Prepping a wall with a bad paint job

I'm about to start painting a room in my house as a sort of test to see how it will go and I'm concerned about the previous owner's attempt at painting.
The walls are all drywall, there is a very thin layer of cheap white latex on the surface covering the original paint job that was tossed up there in the 60's. My concern is that the latex is very thin, doesn't seem to be adhering well, and in some places rubs off in big boils when a wet cloth is applied.
Am I looking at sanding/removing the white paint on the entire wall before painting it, then applying a primer, then the paint itself?
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Sounds like cheap latex with bad prep over an oil based paint. I would be inclined to get a garden sprayer, get it wet and scrape it off with a 4" drywall knife. Hint: some parsons sudsy ammonia per label directions mixed with water will greatly shorten the process. Try a test patch by getting it wet with Windex to see how easy it will come off.
Then to paint it properly you need to get it clean, use the proper primer and then you can topcoat with a quality latex paint if you like.
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Colbyt
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I was afraid you'd say that. I first noticed the crappy paint job when I wiped my towel against the wall in the bathroom, the slightly damp wall dropped a 5" spot of white paint, revealing the appalling pink paint underneath. Would one of those green scrubbing pads attached to a sander do the same thing as a scraper?
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A green scrubbing pad would probably clog up real fast. You may try a black scrubbing pad, the type with an attached handle, they are coarser and much more open weave. I have used one to remove wallpaper paste after stripping the paper off the wall. You will still need a pail of water to rinse it out every couple of minutes. The pad would also smooth out any bumps and hardened paint soaked lint from the first bad paint job, and help prep the wall for your final painting.

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You can try a "greenie" if you like. I tend to agree with EXT that will foul fast. Not sure I would use the sander. I really don't think you are going to have much trouble with the removal when it is wet with an ammonia based solution. It should come off as easy as removing warm butter from a plate.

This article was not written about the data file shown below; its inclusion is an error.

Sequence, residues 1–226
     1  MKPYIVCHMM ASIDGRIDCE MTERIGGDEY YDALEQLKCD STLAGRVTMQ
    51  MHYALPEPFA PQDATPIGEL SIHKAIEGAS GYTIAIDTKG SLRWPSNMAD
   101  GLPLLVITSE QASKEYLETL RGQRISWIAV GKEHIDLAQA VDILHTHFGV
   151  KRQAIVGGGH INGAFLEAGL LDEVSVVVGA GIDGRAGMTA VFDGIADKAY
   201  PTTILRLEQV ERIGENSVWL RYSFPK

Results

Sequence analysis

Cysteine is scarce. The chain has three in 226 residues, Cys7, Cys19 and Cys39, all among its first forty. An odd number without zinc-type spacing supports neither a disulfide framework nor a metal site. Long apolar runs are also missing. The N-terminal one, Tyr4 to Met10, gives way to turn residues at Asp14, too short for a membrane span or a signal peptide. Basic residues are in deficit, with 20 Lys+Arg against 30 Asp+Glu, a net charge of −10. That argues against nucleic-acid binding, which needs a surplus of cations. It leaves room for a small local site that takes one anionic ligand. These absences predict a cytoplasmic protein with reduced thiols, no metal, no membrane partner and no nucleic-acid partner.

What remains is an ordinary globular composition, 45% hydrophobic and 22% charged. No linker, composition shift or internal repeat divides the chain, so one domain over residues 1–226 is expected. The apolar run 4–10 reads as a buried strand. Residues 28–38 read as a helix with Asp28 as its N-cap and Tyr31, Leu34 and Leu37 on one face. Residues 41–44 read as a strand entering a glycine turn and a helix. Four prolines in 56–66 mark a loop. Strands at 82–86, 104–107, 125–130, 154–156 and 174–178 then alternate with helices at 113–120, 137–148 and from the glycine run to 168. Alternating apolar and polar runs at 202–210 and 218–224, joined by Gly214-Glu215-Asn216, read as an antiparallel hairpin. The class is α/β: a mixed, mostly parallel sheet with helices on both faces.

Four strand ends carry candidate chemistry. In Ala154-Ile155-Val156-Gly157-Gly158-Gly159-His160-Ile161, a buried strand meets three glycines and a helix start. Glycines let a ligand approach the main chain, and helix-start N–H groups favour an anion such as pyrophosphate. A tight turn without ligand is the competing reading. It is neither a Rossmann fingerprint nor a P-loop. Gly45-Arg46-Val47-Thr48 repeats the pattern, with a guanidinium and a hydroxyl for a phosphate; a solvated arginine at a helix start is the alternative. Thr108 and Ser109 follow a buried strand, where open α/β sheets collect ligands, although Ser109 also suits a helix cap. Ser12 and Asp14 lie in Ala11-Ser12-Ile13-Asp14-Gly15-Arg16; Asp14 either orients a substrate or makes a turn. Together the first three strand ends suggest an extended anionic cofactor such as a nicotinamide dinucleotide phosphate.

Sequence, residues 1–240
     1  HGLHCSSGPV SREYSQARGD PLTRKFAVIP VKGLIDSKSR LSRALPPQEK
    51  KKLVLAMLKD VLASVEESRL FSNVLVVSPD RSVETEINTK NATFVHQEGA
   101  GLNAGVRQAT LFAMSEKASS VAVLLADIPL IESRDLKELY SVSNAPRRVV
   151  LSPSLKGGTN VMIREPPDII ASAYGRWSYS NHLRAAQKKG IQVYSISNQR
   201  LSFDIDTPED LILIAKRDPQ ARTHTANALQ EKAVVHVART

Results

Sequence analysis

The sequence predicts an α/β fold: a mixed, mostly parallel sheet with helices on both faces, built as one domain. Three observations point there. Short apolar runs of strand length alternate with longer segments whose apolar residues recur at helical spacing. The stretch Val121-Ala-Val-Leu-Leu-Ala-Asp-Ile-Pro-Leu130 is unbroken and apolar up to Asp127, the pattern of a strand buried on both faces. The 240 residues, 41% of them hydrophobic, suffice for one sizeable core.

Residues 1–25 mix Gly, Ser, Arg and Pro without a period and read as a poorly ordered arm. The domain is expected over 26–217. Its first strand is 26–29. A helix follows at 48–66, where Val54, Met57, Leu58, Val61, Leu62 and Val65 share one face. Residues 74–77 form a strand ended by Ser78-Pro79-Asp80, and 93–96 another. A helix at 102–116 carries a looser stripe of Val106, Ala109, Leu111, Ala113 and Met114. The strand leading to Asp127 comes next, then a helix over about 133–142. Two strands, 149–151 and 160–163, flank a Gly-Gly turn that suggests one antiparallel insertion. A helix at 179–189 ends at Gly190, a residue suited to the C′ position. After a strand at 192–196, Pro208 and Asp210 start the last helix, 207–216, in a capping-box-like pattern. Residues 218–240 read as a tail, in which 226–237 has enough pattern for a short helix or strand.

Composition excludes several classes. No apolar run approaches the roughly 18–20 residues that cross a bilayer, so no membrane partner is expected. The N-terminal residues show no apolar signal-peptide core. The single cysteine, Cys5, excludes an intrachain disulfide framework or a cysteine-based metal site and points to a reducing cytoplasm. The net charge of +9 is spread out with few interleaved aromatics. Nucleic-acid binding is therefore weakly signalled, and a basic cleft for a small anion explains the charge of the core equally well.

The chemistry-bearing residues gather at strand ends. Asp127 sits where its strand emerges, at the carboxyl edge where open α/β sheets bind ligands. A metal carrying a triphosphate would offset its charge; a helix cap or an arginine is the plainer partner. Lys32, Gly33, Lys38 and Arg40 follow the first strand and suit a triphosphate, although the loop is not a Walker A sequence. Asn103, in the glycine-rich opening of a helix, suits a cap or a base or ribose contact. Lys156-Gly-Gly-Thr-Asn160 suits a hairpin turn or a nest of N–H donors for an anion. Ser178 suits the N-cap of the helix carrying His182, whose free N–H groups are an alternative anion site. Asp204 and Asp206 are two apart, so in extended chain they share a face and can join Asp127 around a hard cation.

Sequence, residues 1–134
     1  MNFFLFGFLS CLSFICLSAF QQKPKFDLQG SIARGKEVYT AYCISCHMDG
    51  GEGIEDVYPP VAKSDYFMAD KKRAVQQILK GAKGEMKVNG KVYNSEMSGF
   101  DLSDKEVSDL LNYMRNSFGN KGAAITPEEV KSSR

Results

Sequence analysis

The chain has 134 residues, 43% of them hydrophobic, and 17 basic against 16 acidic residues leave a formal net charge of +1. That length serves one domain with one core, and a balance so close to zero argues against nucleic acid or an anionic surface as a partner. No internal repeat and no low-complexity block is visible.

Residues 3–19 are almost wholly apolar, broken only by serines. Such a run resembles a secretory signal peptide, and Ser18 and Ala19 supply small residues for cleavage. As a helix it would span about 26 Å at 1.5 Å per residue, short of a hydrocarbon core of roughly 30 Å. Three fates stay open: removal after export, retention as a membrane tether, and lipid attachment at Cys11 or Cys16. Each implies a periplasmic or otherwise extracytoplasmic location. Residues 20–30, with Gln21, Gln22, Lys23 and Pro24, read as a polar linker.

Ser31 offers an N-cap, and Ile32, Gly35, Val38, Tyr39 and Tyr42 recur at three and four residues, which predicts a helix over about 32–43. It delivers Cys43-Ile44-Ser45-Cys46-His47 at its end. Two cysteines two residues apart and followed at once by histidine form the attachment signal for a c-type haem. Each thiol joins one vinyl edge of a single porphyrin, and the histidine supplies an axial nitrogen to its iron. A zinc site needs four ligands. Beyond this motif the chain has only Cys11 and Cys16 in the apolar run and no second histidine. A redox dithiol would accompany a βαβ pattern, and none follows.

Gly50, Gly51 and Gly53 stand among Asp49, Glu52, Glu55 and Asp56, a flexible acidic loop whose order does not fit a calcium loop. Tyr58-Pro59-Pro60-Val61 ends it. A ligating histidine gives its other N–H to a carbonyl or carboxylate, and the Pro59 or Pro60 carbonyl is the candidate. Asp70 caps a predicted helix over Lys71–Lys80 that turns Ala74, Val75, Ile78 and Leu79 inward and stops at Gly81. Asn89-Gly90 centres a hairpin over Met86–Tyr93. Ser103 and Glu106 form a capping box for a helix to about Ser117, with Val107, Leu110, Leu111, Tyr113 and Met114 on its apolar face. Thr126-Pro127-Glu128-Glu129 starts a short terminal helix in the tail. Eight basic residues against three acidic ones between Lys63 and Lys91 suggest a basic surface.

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Eigenvector wrote:

Like a lot of other things in your house, you can put as much or as little work into this as you want. You have to decide where the point is when you start getting diminishing returns for an unreasonable amount of work.
You *coould* go to all the trouble of completely cleaning the old paint off the wall. Me? I wouldn't bother.
Scrape off what's ready to come off, sand the wall and prime. That's my preferred technique, and I don't think I've ever actually had to repaint a room - my paint jobs seem to last as long as any other.
Maybe you're one of those people that goes nuts if you've got one little bump or chink in your wall. But you've got a house that's at least 40 years old - your walls are really never gonna be like new again unless you replace the drywall. In an older house, there's a certain level of imperfection that I think you just have to learn to live with. My method won't leave you with perfectly smooth walls; there will be a bit of a texture to them, though you'll only see or feel it up close.
I just think that if you spend an inordinate amount of time trying to keep everything in your house like new, you will never have any time left to enjoy your house. But it's up to you if you want to go that far.
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Eigenvector wrote:

Is it possible that the stuff coming off is only primer? Hard to guess. I would be inclined to wash the walls with household cleaner/water, rinse, dry very well. If the paint comes off very easy, then scrub it off; if not, leave it on. Patch and feather edges where paint has come off, sand, vacuum, prime, paint. If it looks crappy after the first coat of primer, sand it lightly with fine sand paper, prime again and paint. Tough scrubbers are likely to tear into the paper layer on the drywall, and that is tough to fix. You're sure it isn't the paper that rubs off?
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On Sat, 8 Jul 2006 13:30:36 -0700, "Eigenvector"

You might try priming it with Gardz. I use it in my line of work & have found it to be excellent for penetrating & bonding unsound surfaces such as this.
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